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Abstract

This study explores the relationship between historical resistance and their relationship to modern-day Euroscepticism. It can be seen that within the European Union, the political orientation of Eurosceptic parties differs, with some political orientations being more popular in some parts of the continent compared to others—Eastern European states tend to have right-wing parties, while many Southern European states having left-wing parties. The author suggests that this is a result of the orientation of the resistance movements to the state’s historic authoritarian regime. Case studies were conducted on Spain and Poland—two EU with similar sized area, population, and economies—looking at their respective resistance movements to authorization and their connection to their respective dominate Eurosceptic parties, PiS and Podemos. The author observed clear links and similarities between the tactics, ethos, and rhetoric between these parties and their respective national resistance movements to authoritarianism.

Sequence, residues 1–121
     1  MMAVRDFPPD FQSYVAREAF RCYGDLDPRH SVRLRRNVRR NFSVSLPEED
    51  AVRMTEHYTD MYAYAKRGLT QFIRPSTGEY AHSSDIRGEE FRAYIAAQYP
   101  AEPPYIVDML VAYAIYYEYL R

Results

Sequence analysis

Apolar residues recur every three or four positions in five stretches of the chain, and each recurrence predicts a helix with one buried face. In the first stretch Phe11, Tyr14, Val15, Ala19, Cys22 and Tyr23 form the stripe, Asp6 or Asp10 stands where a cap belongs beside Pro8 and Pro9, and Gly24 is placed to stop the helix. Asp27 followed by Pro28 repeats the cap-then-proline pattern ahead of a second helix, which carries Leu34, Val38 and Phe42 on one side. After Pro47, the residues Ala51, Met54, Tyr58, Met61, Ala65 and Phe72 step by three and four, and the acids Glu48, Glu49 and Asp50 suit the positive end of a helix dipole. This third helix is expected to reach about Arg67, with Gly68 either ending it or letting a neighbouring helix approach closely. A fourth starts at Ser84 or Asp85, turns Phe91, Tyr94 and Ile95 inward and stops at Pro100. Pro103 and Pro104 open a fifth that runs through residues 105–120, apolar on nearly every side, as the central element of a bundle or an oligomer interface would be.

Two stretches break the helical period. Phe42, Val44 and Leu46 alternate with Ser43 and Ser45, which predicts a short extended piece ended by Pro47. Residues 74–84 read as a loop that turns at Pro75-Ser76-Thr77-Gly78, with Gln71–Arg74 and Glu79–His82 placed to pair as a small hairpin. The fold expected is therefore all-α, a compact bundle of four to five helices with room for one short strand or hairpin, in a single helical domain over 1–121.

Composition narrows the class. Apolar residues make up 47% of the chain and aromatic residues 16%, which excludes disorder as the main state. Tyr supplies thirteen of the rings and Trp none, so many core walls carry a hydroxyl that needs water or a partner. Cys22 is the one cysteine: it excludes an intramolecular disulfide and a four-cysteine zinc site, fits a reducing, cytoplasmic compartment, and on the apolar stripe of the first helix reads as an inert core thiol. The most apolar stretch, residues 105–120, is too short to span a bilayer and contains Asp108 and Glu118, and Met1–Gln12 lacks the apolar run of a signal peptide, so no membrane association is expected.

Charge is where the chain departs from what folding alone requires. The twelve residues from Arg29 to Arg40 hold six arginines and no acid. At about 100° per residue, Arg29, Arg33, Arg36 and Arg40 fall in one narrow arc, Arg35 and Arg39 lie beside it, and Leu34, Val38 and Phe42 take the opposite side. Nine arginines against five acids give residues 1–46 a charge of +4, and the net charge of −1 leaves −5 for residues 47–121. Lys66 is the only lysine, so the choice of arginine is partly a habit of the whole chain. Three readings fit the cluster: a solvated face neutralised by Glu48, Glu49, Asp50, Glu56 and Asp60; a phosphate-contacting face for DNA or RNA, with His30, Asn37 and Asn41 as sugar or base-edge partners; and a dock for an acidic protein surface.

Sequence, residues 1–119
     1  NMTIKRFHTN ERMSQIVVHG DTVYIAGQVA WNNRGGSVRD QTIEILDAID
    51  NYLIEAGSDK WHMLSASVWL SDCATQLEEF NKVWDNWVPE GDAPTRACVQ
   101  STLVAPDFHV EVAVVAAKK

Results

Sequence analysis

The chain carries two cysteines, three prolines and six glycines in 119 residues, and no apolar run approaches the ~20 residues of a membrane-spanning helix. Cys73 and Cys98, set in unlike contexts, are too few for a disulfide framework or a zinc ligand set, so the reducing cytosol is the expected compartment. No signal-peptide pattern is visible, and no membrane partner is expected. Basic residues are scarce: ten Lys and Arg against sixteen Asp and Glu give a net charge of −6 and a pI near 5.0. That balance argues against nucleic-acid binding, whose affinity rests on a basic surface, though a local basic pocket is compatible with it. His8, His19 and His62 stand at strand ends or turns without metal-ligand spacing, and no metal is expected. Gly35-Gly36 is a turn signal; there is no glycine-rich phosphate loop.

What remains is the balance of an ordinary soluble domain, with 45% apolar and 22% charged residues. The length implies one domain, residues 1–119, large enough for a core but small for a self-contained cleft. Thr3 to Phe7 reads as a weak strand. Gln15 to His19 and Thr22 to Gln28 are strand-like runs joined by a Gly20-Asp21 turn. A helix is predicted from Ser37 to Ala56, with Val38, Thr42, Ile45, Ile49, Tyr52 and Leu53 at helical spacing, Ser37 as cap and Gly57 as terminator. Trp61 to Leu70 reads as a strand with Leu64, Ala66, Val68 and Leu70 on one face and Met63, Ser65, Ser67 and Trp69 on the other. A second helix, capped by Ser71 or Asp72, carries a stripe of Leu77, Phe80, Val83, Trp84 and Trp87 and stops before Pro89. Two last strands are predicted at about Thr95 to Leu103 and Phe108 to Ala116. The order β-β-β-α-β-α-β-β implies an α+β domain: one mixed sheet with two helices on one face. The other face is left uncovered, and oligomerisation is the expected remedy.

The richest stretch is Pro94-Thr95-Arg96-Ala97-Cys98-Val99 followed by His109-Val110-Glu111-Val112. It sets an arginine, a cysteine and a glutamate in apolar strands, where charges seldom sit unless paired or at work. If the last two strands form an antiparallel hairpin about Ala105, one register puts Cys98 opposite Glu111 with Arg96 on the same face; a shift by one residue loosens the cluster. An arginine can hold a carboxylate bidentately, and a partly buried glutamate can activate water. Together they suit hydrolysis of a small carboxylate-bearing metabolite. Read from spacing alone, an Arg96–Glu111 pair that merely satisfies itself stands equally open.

Creative Commons License

Creative Commons License
This work is licensed under a Creative Commons Attribution 4.0 License.

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